2019 productivity gut check - don't let metrics squeeze your value

Jon Reed Profile picture for user jreed January 1, 2019
We've pushed away from the holiday table and we're dialing into our 2019 kick off calls in 3, 2, 1. But before the inbox exacts its revenge, here's a different take on productivity.

Holiday season is an unwanted necessary view of what we got done in last year - and what we didn't.

The modern productivity problem boils down to this:

How many transformative projects did we actually complete last year?

I'm guessing few people like the answer to that question. I certainly don't. Oh, we got plenty of things done. We swatted emails like flies. We texted like champs. We put out fires and paid close attention on every conference call. We were nothing but diligent on the tarmac. That's because we were strong on task productivity. We hit our deadlines (I hope). But we were mostly reactive.

We were not so effective with what Cal Newport calls value productivity. Alas, value productivity is how our work is ultimately assessed. It's how we transcend the to-do list and put our dent in the universe.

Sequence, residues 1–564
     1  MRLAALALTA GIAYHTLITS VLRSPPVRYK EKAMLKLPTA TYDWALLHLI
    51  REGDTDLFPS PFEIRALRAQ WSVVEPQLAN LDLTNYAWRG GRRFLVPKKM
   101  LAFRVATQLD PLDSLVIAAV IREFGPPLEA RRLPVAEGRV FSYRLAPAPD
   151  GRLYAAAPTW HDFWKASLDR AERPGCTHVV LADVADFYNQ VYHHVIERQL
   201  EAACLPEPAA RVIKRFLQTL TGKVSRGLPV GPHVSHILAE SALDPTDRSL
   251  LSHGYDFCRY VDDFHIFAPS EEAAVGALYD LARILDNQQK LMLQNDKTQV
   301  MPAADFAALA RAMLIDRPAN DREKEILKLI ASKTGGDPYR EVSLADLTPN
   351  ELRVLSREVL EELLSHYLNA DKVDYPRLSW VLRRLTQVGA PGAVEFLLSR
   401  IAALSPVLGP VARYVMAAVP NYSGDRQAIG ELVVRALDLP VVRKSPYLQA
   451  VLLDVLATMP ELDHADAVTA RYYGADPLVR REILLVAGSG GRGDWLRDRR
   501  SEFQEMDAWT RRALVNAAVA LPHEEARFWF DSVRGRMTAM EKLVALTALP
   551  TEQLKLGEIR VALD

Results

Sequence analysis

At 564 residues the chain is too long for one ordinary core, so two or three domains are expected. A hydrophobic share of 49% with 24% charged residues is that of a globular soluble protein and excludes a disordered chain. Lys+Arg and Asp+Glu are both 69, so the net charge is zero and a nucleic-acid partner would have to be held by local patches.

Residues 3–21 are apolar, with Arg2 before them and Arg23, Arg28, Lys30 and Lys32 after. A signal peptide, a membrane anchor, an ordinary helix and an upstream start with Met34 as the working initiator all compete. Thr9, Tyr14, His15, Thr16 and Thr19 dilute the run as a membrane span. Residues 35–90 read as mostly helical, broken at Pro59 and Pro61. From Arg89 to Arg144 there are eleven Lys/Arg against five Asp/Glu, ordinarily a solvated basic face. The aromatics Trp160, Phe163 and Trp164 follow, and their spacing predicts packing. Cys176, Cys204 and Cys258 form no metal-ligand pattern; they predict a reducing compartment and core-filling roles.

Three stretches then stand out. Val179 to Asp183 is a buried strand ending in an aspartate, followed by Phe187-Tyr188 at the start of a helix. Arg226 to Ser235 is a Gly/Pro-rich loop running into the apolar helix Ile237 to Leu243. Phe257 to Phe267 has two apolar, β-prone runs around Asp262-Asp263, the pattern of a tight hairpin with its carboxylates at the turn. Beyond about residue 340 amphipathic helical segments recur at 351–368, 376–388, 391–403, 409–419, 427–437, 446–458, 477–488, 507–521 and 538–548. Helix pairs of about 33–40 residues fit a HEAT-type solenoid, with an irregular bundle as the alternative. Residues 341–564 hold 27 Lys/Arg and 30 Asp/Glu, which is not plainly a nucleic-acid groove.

Yes, productivity is an employer problem. Especially when you consider this troubling reality: all our wondermuss tech innovations have not resulted in collective productivity gains. Over the holidays, I worked through the bulk of Done Right - How Tomorrow's Top Leaders Get Stuff Done, by Workfront CEO Alex Shootman. He has plenty of field tips for rethinking workplace productivity.

But productivity is also personal. We can't wait for our employers to implement better collaboration tools, or improve their project methodology. Productivity is a "you" problem. That's liberating/terrifying in equal measure.

Productivity winners for 2019

Here's how I see productivity in 2019:

  • Keep task productivity under control. Get the needful done efficiently - without creating cycles of accelerated busywork (e.g. responding to non-urgent email threads five times a day only increases its velocity back to your inbox).